Tag Archives: Major projects

Major Projects Part 1

Some years ago I posted about the comments made by Sir Edward Leigh in regard to the conduct of major projects when he retired as Chairman of the UK Parliaments Public Accounts Committee.

It would seem that the comments made then are still pertinent today, perhaps even more so. My memory was jogged by the recent report from the Taxpayers Union of the apparent massive blowout in a new IRD computer system to handle changes to child support. Then I read the articles in The Dominion Post this morning regarding the transformation project underway at IRD.

The objectives of the changes are not unreasonable, what concerns me is the scale and potential complexity of the project.  In particular this comes at a time when IRD are looking at a massive project to replace existing and aged systems.

I intend to look at the issues around major projects in a series of posts over the next few weeks. My intent is to start with what appears at first sight to be a major blow-out, but on review may come up with a number of different questions requiring answer.

As background I have linked to Sir Edward’s letter, Edward_Leigh_Letter_28_March_2010 and to the IRD report on the child support system  Taxation Annual Rates for 201516 Research and Development and Remedial Matters Bill. In addition there is a link as well to a relevant McKinsey Quarterly article,  Delivering large-scale IT projects on time on budget and on value.

Massive UK NHS project may collapse

The massive in all senses of the word UK NHS IT project may well collapse according to this report dated today.

Billions of pounds over budget and at least 4 years late the project seems to be lurching from one crisis to another. 2 of an original 4 vendors have walked away – Accenture and Fujitsu. BT has seen its involvement decrease. Now CSC and the Ministry cannot reach agreement on a revised contract.

This IT project is often cited as the largest non-military IT project in the world.

Another report earlier this year noted that both CSC and BT had failed to meet their obligations numerous times.

To further highlight the governance and other issues obtaining in this area, the outgoing chairman of the Public Accounts Committee has made a number of trenchant criticisms:-

Edward Leigh singled out IT procurement as “particularly weak”. He said: “Projects are over-ambitious, overly complex and fail to deliver what is promised while costs rocket.”

In an open letter to his successor, who will be appointed shortly after the country’s general election, Leigh said better IT procurement would help find savings that are “easily available”, without taking steps that risk “threatening” front line services. Other steps included reducing bureaucracy and complexity, improving front line services, core management skills and the analysis of information.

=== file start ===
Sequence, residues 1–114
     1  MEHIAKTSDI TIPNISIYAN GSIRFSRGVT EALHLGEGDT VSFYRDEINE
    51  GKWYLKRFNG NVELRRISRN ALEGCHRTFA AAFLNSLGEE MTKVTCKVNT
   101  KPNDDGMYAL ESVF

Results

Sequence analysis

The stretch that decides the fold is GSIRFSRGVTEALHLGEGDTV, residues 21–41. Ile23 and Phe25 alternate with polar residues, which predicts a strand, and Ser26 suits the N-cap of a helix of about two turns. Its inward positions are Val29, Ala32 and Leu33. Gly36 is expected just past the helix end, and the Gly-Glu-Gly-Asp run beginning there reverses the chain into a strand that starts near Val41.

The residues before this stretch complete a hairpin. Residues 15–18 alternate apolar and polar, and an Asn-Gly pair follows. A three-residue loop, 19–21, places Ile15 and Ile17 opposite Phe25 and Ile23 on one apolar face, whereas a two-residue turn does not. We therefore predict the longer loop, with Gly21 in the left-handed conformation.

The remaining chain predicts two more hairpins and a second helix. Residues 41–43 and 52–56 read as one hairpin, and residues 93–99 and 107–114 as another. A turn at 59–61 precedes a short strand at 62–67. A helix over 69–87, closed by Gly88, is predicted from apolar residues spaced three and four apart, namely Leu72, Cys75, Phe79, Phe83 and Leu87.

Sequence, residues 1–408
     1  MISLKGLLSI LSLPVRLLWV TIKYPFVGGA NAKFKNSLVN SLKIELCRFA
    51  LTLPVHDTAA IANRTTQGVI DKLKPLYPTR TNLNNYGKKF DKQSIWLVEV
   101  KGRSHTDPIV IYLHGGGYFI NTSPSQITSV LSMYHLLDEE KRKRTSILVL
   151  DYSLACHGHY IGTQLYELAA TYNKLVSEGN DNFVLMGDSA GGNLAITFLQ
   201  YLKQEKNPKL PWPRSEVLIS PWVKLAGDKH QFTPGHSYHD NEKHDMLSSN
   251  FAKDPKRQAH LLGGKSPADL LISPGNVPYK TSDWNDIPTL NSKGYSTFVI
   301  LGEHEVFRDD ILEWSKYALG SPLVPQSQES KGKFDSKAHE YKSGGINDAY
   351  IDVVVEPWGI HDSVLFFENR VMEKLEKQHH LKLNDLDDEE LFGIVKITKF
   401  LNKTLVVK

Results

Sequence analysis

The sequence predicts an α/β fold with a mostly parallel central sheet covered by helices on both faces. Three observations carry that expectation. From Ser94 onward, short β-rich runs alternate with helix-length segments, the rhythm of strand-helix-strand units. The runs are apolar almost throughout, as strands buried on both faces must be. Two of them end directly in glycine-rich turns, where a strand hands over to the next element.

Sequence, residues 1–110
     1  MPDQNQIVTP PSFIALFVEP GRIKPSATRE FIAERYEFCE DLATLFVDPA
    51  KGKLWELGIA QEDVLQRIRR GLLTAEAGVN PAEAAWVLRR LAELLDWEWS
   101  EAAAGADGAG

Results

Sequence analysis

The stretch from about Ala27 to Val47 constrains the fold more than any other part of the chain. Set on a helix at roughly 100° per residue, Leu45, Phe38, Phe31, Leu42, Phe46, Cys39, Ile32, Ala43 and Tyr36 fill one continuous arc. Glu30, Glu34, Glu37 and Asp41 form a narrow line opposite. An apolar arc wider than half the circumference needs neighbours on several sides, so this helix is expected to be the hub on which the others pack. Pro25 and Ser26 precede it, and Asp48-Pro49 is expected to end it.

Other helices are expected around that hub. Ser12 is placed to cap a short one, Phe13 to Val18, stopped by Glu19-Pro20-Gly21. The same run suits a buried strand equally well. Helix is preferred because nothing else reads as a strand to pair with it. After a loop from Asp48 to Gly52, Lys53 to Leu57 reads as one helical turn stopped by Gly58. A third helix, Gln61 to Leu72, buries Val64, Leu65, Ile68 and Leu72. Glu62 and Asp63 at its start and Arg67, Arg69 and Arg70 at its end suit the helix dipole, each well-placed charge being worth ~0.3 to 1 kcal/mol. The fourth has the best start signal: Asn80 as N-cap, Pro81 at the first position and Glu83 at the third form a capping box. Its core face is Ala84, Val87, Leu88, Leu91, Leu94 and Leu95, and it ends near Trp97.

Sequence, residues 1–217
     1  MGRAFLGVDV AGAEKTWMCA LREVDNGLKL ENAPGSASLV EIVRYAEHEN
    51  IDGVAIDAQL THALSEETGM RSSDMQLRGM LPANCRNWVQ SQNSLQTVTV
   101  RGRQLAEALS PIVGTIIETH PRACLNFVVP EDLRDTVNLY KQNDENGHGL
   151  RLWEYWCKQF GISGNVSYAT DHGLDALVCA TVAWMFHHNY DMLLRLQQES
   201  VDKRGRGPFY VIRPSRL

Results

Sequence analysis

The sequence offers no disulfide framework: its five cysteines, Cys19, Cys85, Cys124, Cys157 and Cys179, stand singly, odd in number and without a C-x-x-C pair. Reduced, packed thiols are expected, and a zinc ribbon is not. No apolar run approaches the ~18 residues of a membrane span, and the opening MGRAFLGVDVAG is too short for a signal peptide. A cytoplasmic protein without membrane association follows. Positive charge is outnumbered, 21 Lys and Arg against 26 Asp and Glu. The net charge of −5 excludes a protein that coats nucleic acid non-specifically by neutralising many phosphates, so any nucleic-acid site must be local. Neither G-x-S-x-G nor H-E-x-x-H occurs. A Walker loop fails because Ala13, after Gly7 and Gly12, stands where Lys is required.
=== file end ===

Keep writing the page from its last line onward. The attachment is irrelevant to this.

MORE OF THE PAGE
In a damning note on government operations, Leigh said the government needed to start learning from its experiences, and reminded ministers that public scrutiny of their work “must be taken seriously”.

There were a number of major problems that were examples of the government’s failures in IT procurement, he said. These included the “woeful” £350 million system implementation at the Rural Payments Agency, run by Accenture, in which the Agency’s “poor leadership” meant data had become full of errors and the system was at risk of becoming obsolete.

What makes his comments all the more damming were these remarks:-

Leigh said there were also a number of good examples of best practice, including the Department for Work and Pensions’ Payment Modernisation Programme. But only a few programmes drew on such examples, and in most instances departments did not carry out final Gateway reviews to determine if their programmes delivered the planned benefits.

So projects are completed. but in a signal failure of governance no assessment of value is completed.

Leigh went on to say:-

Successful IT projects required senior level engagement, the government acting as an intelligent customer, and ensuring the promised benefits could realistically be delivered, he said.

“We have been impressed by some talented people who know what they are doing and are determined to do it well, but more frequently we have been shocked by the failure to apply basic management disciplines to major projects and programmes,” Leigh said.

It appears that a significant contributor to these issues is a failure to apply basic governance and project/programme disciplines. Furthermore the problems seem to recur again and again.

In an open letter to MPs Mr Leigh stated:-

“My Committee has made thousands of recommendations for improvement, the vast majority of which have been accepted by government and acted upon saving the taxpayer over £4 billion, so our endeavours have been valuable. But it is disappointing to see problems arise in 2010 which repeat those of 2001 and indicate a systemic failure to learn from experience acquired within and across departments.”

Incredible and a warning to everyone concerned with major programmes and issues of governance.

The examples quoted are related to large projects, especially by NZ standards, yet the issues identified are seen again and agin in programmes/projects of all types and sizes.